Eagan Tail Waggers

BossBoss is a loving two-year-old pit bull living in Eagan who’s been coming to Wagging Tails since he was a puppy. During his doggy daycare “Playday” visits, Boss loves playing all day and considers everyone has buddy.

After a long day of playing, Boss loves to come home to sunbathe. His owners Louie and Julie tell us that Boss will search out the even smallest spot of sunlight before laying down. And, once he finds it, Boss follows it as the sun moves across the sky until it finally disappears.

Boss is such an even keel dog his owners often wonder if he’s part human — especially when he shares his huge pitty smile. They also say he’s an incredibly loyal and super smart boy who loves their whole family unconditionally.

What’s the best part of having Boss in their life? “We get to shower him with love and the best life possible for this rescue pup!!!” Louie and Julie told us. “WE LOVE THAT GUY!!!!”

By |November 12th, 2018|blog|0 Comments|

It’s Your Party!

October Birthday Roundup



Has your dog celebrated a birthday with Wagging Tails yet? Our Birthday Club is free and comes with a complimentary Playday, bandana, and a birthday party!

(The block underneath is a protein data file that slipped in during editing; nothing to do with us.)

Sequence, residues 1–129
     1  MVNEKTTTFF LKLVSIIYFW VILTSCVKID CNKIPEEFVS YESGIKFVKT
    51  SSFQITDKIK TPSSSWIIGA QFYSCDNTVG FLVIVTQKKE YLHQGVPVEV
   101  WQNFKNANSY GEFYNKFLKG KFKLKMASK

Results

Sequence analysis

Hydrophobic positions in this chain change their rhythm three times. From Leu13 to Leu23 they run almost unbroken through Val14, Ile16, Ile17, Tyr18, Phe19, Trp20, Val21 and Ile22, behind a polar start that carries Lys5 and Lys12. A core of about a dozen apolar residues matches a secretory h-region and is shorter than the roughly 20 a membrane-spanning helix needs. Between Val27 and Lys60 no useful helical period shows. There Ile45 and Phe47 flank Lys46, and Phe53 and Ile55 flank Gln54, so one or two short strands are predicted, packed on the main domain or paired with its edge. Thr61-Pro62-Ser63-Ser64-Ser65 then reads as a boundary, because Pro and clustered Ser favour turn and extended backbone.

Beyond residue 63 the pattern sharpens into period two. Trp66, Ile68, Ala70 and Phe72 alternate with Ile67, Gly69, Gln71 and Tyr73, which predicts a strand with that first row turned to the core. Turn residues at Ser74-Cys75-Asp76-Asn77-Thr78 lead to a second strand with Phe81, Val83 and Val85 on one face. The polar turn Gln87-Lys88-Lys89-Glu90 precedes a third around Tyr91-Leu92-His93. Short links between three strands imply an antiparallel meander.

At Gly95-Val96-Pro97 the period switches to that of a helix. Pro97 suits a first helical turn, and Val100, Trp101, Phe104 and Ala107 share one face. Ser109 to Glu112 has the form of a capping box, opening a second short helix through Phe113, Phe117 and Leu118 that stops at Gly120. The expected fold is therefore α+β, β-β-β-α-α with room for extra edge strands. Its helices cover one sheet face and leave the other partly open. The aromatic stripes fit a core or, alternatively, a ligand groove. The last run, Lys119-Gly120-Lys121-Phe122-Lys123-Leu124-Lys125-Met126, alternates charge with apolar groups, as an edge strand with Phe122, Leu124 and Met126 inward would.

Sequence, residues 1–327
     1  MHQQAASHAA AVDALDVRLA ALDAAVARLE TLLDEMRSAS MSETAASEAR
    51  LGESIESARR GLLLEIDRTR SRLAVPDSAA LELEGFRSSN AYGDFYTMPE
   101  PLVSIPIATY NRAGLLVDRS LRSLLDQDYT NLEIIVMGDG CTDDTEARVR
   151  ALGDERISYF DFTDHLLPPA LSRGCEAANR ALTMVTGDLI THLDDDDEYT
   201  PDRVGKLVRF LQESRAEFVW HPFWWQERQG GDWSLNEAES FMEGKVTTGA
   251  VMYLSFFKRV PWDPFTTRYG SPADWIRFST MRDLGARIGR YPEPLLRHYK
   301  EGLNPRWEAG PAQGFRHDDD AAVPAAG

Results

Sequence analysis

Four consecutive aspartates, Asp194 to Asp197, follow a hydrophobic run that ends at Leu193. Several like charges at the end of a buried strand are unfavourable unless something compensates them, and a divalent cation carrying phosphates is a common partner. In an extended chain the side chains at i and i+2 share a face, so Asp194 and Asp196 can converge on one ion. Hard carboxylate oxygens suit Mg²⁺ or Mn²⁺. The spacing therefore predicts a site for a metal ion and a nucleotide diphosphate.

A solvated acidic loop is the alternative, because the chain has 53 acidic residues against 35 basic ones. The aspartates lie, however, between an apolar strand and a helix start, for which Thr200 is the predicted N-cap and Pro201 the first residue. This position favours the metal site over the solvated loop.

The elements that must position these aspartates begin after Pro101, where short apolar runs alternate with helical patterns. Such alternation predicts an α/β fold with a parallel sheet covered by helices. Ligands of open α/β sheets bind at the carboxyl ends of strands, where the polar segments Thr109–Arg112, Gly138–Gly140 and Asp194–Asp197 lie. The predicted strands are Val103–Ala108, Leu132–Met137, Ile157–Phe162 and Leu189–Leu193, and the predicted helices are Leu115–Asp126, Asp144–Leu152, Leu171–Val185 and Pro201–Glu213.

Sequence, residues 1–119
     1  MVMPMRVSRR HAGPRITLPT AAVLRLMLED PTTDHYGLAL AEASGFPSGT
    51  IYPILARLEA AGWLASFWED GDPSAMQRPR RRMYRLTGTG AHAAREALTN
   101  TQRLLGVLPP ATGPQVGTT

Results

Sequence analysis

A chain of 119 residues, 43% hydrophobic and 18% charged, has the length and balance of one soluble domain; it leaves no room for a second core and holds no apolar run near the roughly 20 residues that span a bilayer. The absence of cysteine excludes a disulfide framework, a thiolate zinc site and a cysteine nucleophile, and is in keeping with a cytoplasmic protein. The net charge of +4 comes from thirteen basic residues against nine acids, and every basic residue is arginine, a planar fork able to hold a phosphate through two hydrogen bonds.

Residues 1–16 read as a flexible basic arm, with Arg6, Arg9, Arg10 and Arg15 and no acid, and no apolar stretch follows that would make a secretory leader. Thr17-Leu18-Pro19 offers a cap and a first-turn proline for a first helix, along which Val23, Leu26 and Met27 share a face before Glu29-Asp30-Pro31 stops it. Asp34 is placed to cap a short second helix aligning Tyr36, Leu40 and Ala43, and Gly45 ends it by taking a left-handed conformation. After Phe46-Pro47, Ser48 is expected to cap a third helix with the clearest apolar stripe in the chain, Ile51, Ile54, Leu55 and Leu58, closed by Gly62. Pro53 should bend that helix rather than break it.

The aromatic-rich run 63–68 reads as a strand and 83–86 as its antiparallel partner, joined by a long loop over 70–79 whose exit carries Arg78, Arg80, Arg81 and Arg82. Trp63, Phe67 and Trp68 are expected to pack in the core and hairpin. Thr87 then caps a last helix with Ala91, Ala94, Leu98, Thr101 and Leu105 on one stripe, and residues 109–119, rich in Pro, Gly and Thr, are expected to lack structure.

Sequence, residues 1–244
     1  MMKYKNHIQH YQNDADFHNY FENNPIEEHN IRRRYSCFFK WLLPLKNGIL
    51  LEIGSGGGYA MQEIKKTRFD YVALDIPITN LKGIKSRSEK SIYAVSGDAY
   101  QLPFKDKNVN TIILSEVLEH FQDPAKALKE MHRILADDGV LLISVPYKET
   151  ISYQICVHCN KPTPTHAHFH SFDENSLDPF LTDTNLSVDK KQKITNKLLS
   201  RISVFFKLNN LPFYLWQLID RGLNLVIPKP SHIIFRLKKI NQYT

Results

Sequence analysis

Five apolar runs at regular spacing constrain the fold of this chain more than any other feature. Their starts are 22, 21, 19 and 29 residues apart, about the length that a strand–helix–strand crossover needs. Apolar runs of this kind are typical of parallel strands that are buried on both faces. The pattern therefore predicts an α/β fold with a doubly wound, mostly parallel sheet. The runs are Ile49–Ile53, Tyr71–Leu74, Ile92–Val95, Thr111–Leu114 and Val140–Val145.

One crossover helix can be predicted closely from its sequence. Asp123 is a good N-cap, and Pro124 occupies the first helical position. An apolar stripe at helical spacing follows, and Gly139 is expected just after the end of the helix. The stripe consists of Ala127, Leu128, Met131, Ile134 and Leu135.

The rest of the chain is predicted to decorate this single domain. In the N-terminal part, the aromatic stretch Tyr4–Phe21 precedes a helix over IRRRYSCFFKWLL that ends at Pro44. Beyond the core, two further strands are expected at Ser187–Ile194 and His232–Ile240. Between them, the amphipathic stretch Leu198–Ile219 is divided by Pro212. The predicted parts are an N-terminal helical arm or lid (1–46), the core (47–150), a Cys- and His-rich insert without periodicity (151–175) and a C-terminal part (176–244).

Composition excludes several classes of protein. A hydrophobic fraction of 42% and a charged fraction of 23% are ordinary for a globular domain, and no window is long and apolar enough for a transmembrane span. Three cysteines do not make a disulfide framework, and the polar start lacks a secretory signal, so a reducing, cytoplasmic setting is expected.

Visit our Photo Gallery to see all of the lucky pups in our Birthday Club!

By |November 5th, 2018|blog|0 Comments|

Watch What They Eat

Foods That Can Be Dangerous for Dogs

Halloween is right around the corner and the holiday season isn’t far behind! As we move into this decadent time of year that practically bursts at the seams with delicious candies and treats, we thought it would be helpful to share a reminder about common foods that can be dangerous for our four-legged friends.

dog with bunChocolate & Candy

Most people know that chocolate isn’t good for dogs, but neither is anything containing the toxic sweetener Xylitol. Xylitol can be found in several edible products, including chewing gum, sugar-free candies, baked goods, cereal, and even peanut butter.

Fruit & Veggie Seeds